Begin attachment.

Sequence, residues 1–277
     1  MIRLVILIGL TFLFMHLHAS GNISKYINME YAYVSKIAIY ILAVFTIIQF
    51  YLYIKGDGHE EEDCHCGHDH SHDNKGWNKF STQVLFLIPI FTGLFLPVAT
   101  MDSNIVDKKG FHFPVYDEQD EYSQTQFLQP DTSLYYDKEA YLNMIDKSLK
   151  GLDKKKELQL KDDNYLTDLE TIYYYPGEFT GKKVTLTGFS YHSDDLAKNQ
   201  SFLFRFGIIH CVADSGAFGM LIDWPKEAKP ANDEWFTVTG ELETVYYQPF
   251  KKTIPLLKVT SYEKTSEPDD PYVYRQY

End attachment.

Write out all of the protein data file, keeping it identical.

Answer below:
Sequence, residues 1–277
     1  MIRLVILIGL TFLFMHLHAS GNISKYINME YAYVSKIAIY ILAVFTIIQF
    51  YLYIKGDGHE EEDCHCGHDH SHDNKGWNKF STQVLFLIPI FTGLFLPVAT
   101  MDSNIVDKKG FHFPVYDEQD EYSQTQFLQP DTSLYYDKEA YLNMIDKSLK
   151  GLDKKKELQL KDDNYLTDLE TIYYYPGEFT GKKVTLTGFS YHSDDLAKNQ
   201  SFLFRFGIIH CVADSGAFGM LIDWPKEAKP ANDEWFTVTG ELETVYYQPF
   251  KKTIPLLKVT SYEKTSEPDD PYVYRQY